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Age of Majority in Canada: What Does It Mean?

What is the age of majority in Canada, and what does it mean? This article is your complete guide to the age of majority in all the provinces and territories, including BC, Alberta, Quebec, Nova Scotia, and more. 

Many minors look forward to the day they turn 18 or 19 in Canada. It’s usually a big celebration, as they’re finally legally allowed to do many things they weren’t able to before. 

The age of majority is when someone becomes a legal adult and can do things like voting in an election, buying a lottery ticket, and getting married. 

What Does Age of Majority Mean in Canada? 

The age of majority in Canada is when the law considers someone a legal adult. When you’re no longer a minor, you don’t require oversight by a guardian or parent. 

At this age, you are granted the responsibilities and rights of an adult by law. 

The age of majority is not the same in all of Canada. It is either 18 or 19, depending on the province or territory you live in. Each part of Canada determined the age of majority based on section 92(13) of Canada’s Constitution Act, 1867. 

What Happens When You Reach the Age of Majority in Canada? 

When you reach the age of majority in Canada, your parents no longer have custody of you. You become responsible for the decisions you make, and you can do things such as:

  • Vote in elections
  • Get the full minimum wage
  • Buy a lottery ticket
  • Quit school 
  • Independently enter contracts
  • Make a will 
  • Change your name
  • Get married
  • Access social assistance 
  • Apply for most credit cards, loans, and more 

Age of Majority by Province 

Here’s a table of the age of majority in each of the Canadian provinces. It is either 18 or 19, depending on the province or territory. 

ProvinceAge of Majority
Alberta 18
British Colombia 19
New Brunswick19
Newfoundland and Labrador19
Northwest Territories19
Nova Scotia19
Nunavut 19
Prince Edward Island18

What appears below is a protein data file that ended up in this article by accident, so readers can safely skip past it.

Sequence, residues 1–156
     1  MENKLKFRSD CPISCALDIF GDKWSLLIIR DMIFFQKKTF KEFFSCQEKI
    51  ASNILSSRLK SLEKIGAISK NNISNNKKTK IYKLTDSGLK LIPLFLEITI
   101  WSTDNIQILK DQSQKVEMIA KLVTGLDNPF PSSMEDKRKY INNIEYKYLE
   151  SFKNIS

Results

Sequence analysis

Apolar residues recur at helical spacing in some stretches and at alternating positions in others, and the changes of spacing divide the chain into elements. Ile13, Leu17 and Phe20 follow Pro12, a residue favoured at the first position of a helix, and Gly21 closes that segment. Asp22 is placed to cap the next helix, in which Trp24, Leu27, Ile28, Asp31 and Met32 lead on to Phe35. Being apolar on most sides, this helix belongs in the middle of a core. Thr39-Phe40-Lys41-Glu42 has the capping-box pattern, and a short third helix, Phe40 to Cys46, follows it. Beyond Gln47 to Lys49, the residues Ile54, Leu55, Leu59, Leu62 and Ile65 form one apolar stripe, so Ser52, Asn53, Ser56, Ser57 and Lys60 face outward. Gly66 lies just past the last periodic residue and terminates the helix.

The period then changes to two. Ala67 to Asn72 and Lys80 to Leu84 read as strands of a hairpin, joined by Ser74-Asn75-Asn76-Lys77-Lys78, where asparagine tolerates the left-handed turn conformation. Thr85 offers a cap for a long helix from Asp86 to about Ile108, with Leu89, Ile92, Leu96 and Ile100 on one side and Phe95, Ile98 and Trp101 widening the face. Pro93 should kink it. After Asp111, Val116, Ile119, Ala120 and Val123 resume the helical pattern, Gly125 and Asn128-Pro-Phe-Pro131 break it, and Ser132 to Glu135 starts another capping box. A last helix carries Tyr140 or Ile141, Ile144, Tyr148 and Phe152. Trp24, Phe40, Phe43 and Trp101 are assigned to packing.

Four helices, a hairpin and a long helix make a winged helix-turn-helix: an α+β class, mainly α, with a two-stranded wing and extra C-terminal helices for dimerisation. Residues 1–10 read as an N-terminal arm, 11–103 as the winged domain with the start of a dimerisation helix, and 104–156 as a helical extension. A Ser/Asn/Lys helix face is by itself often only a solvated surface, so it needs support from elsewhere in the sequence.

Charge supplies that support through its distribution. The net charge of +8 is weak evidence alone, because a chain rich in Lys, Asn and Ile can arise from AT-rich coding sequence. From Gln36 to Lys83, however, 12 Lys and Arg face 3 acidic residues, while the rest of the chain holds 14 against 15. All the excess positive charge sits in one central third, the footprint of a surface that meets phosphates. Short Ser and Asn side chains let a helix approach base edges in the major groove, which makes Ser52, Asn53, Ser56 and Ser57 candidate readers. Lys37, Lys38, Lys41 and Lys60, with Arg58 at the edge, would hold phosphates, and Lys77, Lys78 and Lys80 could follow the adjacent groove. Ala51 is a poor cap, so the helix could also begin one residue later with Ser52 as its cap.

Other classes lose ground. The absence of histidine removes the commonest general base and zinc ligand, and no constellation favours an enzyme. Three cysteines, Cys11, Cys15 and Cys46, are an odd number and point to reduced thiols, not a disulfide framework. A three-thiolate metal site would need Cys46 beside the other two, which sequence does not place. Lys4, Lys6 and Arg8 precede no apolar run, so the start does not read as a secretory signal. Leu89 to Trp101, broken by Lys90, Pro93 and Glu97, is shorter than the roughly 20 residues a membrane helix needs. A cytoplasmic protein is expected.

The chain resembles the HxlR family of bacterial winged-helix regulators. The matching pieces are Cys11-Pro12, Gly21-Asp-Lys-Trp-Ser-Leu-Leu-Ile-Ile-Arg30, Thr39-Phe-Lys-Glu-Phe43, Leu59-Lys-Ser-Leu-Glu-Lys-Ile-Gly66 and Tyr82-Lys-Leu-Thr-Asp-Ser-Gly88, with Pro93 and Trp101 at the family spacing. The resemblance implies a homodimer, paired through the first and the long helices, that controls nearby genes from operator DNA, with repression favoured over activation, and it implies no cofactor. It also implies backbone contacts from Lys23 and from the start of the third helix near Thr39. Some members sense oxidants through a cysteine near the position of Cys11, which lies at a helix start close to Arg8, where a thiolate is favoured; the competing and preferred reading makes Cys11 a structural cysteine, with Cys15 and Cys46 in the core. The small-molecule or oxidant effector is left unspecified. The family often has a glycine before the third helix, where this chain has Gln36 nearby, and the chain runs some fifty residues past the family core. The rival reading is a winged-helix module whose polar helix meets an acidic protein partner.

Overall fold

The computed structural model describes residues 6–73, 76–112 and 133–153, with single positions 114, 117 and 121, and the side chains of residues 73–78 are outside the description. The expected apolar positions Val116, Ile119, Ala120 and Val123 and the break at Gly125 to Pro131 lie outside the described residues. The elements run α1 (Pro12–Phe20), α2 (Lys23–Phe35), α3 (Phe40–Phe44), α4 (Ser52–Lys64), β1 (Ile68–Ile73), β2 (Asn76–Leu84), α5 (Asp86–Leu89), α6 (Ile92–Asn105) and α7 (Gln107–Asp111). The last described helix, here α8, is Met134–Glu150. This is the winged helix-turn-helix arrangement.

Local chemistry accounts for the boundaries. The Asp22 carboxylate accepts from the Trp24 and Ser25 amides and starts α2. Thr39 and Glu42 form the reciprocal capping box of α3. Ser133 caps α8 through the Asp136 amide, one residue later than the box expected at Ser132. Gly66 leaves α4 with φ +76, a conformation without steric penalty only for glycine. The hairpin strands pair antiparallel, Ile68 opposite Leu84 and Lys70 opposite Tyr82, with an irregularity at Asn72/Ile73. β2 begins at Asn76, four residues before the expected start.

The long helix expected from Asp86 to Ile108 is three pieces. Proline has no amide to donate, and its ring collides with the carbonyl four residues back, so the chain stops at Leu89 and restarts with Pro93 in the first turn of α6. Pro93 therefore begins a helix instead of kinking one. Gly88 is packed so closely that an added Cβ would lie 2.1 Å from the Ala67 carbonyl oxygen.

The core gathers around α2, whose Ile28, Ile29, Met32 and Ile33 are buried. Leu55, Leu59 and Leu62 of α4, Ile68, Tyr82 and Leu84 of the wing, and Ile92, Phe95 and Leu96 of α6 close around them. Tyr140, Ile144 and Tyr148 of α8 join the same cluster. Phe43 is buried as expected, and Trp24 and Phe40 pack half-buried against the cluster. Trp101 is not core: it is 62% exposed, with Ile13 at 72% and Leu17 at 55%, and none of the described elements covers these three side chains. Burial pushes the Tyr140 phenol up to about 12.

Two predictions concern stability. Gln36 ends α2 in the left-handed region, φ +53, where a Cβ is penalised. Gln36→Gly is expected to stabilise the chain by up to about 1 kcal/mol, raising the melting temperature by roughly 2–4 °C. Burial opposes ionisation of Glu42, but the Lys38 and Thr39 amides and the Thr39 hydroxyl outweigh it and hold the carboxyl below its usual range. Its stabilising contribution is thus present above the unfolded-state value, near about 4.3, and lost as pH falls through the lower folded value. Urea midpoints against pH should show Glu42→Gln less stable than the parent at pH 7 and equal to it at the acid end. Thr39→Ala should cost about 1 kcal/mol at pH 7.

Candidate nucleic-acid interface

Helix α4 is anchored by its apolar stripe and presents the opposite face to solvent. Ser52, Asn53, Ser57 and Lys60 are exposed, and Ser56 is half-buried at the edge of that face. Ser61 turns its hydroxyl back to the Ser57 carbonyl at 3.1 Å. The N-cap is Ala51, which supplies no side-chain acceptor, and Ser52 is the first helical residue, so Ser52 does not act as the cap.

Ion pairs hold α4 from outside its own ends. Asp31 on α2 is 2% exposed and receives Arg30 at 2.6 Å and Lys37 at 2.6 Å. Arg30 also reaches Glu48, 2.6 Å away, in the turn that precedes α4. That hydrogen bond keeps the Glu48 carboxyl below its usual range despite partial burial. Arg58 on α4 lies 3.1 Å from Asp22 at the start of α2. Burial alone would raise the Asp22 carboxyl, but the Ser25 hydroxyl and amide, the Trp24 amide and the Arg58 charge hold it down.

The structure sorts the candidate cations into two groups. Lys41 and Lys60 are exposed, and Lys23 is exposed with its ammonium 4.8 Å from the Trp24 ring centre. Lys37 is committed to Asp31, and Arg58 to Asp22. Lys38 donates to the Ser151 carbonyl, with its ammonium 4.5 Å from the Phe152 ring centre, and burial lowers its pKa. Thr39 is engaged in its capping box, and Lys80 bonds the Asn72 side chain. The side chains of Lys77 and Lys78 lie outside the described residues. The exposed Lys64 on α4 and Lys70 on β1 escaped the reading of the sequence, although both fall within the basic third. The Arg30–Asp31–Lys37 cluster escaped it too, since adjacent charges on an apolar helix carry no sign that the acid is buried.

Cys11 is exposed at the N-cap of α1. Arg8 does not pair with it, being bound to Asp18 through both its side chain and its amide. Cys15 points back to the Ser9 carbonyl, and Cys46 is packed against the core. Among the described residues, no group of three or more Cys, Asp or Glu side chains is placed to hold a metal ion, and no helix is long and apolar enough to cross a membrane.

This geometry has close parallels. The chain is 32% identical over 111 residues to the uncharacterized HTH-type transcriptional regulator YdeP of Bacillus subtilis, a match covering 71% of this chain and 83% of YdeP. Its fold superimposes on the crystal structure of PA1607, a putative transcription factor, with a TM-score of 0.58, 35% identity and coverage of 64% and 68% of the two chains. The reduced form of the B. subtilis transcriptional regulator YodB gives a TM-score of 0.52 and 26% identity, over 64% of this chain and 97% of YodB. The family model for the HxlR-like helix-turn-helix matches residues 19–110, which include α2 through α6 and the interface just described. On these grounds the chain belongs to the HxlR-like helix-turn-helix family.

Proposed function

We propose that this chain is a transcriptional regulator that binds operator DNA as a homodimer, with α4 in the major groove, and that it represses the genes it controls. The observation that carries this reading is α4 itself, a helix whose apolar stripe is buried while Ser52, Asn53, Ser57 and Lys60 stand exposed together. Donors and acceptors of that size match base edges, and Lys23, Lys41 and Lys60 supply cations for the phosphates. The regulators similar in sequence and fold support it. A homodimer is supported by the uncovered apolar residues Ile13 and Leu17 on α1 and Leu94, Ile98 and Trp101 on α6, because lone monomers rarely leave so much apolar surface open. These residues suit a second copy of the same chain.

The legal age is completely different from the age of majority. It is an age where you are allowed to do a certain activity or have a certain responsibility.

For example, the legal age in Ontario to purchase alcohol is 19, and it is 16 to get a driver’s license. 

The age of majority in Ontario is 18. 


What is an age of majority card in Ontario? 

An Ontario photo card is used to prove your identity and age. It can be used for day-to-day business transactions and as proof of identity for domestic travel. It is valid for five years, and if you have one, you cannot have a driver’s license at the same time. You can receive a photo card if you are 16 years or older and are a resident of Ontario. 

What is the age of majority in California? 

The age of majority in California is 18 years of age. 

What is the age of majority in the US? 

The age of majority by state can differ; however, almost all states set the age of majority to 18 years old. 

How old is a minor in Ontario? 

In Ontario, a minor is someone who is younger than 18 years of age. 

How old is a minor in the US? 

A minor in the United States is someone younger than 18 years old. 


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Gravatar for Enoch Omololu, MSc (Econ)
Enoch Omololu, MSc (Econ)

Enoch Omololu is a personal finance expert and a veterinarian. He has a master’s degree in Finance and Investment Management from the University of Aberdeen Business School (Scotland) and has completed several courses and certificates in finance, including the Canadian Securities Course. He also has an MSc. in Agricultural Economics from the University of Manitoba and a Doctor of Veterinary Medicine degree from the University of Ibadan. Enoch is passionate about helping others win with their finances and has been writing about money matters for over a decade. He has been featured or quoted in Forbes, The Globe and Mail, Winnipeg Free Press, Wealthsimple, CBC News, Financial Post, Toronto Star, CTV News, Canadian Securities Exchange, Credit Canada, National Post, and many other personal finance publications. You can learn more about him on the About Page.

His top investment tools include Wealthsimple and Questrade. He earns cash back on purchases using KOHO, monitors his credit score for free using Borrowell, and earns interest on savings through EQ Bank.

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